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Oh...geez! Very sad story. Those are nasty bites. Honestly, if I had a dog that bit someone doing that kind of damage....it would be put to sleep. We have owned Rottweilers for almost 25 years...and agreed at the very first Rottweiler...that if one bit someone (unless someone was breaking into our home, or threatening us)...it would be euthanized. I could not live with myself for having a trigger happy dog...too much worry and responsibility. Now have I had Rottweilers that could bite someone ??? Yes....but I have never set them up to fail, or put them in a situation where they might.

Clearly the woman that got bit knew the dog...and the dog knew her. Unless she was beating the crap out of the dog...the dog was probably frightened and bit her. Fear aggression is nasty...I have a dog boarding right now with it...luckily he only weighs 20 lbs and I can manage him.

Living in an apartment, it would be hard to avoid running into this dog also.
 

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Sometimes, too, there are certain breeds of dogs that should never be crossed because the pups stand to inherit the worst of both breeds instead of the best.

Many years ago, I was discussing a pup at obedience class, with my vet. It was a Rottweiler/Pit Bull cross. There was nobody home in those eyes; I have never seen such a blank set of eyes on a dog. The woman tried and tried with the pup but it ended up the pup became growly with the other pups and would not even respond to the person instructing the class.

There were a lot of tears the evening the trainers permanently dismissed that pup - and also forewarned the owner what she may have to do if the pup didn’t come around

After relating all this to my vet, she made the comment that a Rottweiler/Pit Bull cross was the absolute worst as, for some reason, the pups seemed to be the worst of everything in both breeds.

Makes me wonder about this poor German Shepard/Rottweiler cross:(
 

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I believe Agis is a Rottweiler/Shepherd mix??? I'm sure Agis will grow up to be a great dog...because he has owner's that care, and are involved in training.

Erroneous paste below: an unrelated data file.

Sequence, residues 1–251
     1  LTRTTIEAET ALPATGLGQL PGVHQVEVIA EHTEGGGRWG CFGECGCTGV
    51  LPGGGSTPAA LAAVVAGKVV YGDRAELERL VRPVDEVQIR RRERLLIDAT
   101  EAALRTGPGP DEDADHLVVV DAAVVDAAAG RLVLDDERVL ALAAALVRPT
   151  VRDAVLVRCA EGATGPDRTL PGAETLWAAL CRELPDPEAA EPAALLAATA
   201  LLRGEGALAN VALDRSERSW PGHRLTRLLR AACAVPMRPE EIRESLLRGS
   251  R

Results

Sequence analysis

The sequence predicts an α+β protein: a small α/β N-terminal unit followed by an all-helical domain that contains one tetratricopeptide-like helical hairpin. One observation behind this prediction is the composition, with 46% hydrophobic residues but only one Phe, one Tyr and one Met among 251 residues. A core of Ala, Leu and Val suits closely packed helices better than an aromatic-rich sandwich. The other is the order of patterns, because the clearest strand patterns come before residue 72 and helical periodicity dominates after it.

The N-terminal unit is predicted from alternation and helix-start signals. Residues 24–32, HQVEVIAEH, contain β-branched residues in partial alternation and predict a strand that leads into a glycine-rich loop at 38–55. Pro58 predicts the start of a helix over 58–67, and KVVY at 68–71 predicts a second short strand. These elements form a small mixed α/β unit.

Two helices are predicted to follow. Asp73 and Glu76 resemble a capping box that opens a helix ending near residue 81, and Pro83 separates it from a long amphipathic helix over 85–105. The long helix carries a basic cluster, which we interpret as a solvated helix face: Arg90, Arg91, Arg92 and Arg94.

I've fostered in my younger days...a few Rott/Shep mixes...all were fine dogs, that were adopted and much loved. They did not have a screw loose...but the rescue I fostered for would really screen the dogs well before being pulled from a shelter or brought into the rescue. There were so many nice dogs...there was no reason to take a crazy dog with aggression issues. If we could save 5 nice dogs that we knew with a bit of work could be adopted quickly...there was no reason to save a disturbed dog with aggression problems that could take months of work, or maybe never be a normal adoptable dog.

I do agree...that some mixes or crosses, really do make bad combos. Pitts can be dog aggressive and Rotts also dog aggressive...and you get a mix, that goes after other dogs!! Not good!
 

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Discussion Starter #5
Yes, Agis is a Shepherd/Rottie cross.

Honestly - even waving your hands in a dog's face...yes, it's rude, but it's not grounds for a bite and I would not tolerate that. I would euth as well.
I have a very low tolerance for human aggression.
 

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Although i agree any dog that bites should be put to sleep i dont agree with the mix breed ideas...ive had Rotties for obly ten years but i did have two rottie crosses when i was younger. Both were beautiful dogs one lab cross the other GSD cross... i dont believe any dog is born bad it is environment and lack of training that dictates the dogs personality.

https://www.change.org/Deednotbreed
 

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Discussion Starter #7